“What makes me want to be a planetary scientist is that you have a chance in your lifetime to fly missions that get real data,” said Prof. Richard P. Binzel, planetary science, Massachusetts Institute of Technology. Binzel gave a lecture to a group of graduate students and professors in the astronomy department yesterday.
Binzel’s lecture focused on the connections between meteors, comets and asteroids.
“I’m very interested in the intersecting spaces,” he said, referring to the commonalities between the three.
Binzel addressed two main questions. The first involved the “ordinary chondrite problem”: why S-type asteroids don’t match the most common meteorites found. The second was, what are the origins of these meteorites?
The studies he covered in the lecture focused on near-earth objects, which he defined as anything within 1.3AU (astronomical units) of the earth.
“Near-earth objects (NEOs) are the most accessible objects to study. You can go to these objects and land on them -. We’ve made some progress because we’ve been able to get measurements on about 400 near-earth objects.”
He said that the “holy grail” is to “determine what fraction of near-earth objects are coming from the asteroid belt, and what fraction are coming from comets.” He estimated that about 90 percent of NEOs were coming from asteroid belts and that about 10 percent originated as comets.
His conclusions came from a three-step analysis. First, the studies involved showing a continuous transition from meteorites to asteroids, which he accomplished with data on the divergence of their spectral properties.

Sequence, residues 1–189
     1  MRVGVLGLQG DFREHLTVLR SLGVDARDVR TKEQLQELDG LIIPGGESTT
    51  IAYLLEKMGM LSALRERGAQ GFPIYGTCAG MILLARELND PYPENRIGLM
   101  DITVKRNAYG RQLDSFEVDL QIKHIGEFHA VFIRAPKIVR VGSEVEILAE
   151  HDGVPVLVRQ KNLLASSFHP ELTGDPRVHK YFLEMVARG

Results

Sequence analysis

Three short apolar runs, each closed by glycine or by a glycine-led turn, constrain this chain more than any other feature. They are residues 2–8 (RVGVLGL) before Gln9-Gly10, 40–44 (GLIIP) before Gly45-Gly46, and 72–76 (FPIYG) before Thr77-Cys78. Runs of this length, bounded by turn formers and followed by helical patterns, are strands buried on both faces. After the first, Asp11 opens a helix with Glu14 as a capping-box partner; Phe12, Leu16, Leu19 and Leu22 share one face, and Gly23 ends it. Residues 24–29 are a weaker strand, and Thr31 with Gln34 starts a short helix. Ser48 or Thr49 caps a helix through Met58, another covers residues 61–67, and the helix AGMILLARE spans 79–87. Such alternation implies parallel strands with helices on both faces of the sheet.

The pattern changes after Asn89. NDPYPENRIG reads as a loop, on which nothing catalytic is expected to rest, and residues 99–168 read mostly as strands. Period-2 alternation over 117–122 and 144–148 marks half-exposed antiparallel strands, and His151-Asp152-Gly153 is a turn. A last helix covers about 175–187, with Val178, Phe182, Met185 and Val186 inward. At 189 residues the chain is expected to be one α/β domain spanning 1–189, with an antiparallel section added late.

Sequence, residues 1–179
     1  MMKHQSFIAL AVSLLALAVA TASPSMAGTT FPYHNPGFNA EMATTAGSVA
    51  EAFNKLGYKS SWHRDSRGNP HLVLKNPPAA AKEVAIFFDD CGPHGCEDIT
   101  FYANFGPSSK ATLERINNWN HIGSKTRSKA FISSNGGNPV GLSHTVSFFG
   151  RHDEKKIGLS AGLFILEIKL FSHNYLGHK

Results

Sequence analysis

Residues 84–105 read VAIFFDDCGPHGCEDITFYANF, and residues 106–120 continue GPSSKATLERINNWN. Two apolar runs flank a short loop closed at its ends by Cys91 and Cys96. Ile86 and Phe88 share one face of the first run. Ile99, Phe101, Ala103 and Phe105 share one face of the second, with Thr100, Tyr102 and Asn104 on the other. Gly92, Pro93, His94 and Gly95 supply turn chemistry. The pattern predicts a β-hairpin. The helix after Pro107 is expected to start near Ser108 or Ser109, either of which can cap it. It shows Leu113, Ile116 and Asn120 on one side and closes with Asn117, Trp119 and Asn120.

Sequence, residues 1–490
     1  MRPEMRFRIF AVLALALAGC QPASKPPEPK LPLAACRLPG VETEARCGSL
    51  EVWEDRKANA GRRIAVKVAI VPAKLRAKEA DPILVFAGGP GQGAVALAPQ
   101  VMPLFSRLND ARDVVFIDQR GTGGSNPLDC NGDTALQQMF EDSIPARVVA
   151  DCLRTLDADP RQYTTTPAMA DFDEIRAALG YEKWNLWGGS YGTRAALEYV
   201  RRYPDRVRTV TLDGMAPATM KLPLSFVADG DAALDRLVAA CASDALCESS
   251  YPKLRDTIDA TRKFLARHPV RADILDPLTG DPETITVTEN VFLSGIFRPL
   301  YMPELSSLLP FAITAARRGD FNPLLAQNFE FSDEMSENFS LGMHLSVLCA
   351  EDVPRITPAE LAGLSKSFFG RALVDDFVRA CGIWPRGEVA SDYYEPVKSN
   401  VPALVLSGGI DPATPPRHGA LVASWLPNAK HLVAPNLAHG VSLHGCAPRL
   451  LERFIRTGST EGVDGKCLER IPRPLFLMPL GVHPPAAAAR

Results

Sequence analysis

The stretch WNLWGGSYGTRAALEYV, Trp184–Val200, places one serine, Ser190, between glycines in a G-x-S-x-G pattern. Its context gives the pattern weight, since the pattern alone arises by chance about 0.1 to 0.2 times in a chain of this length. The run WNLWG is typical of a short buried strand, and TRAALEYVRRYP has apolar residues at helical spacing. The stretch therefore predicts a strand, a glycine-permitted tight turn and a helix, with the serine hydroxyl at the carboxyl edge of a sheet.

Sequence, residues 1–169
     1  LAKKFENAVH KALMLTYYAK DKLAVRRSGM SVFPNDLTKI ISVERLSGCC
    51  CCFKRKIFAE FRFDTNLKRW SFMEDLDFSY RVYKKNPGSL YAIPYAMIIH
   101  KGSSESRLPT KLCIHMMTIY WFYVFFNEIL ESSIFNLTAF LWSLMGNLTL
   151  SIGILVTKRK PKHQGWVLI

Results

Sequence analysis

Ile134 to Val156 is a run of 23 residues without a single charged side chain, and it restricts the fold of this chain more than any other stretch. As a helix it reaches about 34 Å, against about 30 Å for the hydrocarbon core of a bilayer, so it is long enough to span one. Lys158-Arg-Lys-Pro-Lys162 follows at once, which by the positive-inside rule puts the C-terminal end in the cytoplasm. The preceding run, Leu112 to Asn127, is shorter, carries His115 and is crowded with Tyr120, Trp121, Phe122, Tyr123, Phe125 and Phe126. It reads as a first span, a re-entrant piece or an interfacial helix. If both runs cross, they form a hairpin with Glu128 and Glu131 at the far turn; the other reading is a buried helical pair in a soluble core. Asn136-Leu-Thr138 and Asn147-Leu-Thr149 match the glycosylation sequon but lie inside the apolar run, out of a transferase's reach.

Second, he explored how the transition depended on the age and size of the near-earth object. Finally, he concluded with an examination of the probability of the source of the objects.
Overall, Binzel’s research supported previous hypotheses on why S-type asteroids do not match the most common meteorites, as well as providing new insights into the origins of meteorites.
Prof. Jim Bell, astronomy, said, “I’m interested in the work he’s doing, making connections between a lot of the mission work we do here and telescope work that is done around the world.”
Binzel also discussed his part in sending a mission to Pluto. The launch window opens on January 11, 2006.
Binzel said, “We expect that in July 2015 it will arrive at Pluto,” and that “we think our power supply will last until 2020-2025.”
Astronomy student Julia Deneva grad said, “I was mainly interested in the Pluto mission because it’s the first of its kind. No one has sent a space craft targeting specifically Pluto before.”
Deneva also expressed interest in “the way they planned to study the atmosphere by beaming out a signal through the atmosphere before the craft gets there.” She wondered what telescope they would use to send the signal, and mentioned that Cornell has a telescope capable of this.
Binzel’s discussion of what he referred to as the “planet Pluto” provoked a friendly debate among the faculty present.
Prof. Jean-Luc Margot, astronomy, said that “Pluto is not a planet” and that “there are eight major planets in the solar system.” Bell disagreed.
“Pluto is a planet; the solar system has about 28 planets. I count them all – anything that is big enough to be round, have its own geographic features and gravity.” He provided the example of Ganymede, which rotates around Jupiter. “It’s bigger than Mercury,” he said.
With a smile on his face, Margot responded that “It does not rotate around the sun.”
The lecture was part of space science colloquium series. Margot, the organizer of the lecture, said, “We try to reach a balance of topics throughout the series. We’ve had four lectures on planetary science, some on theoretical astronomy, radio astronomy, infrared astronomy. Those are the four strengths in the department.”
Archived article by Mariel Bronen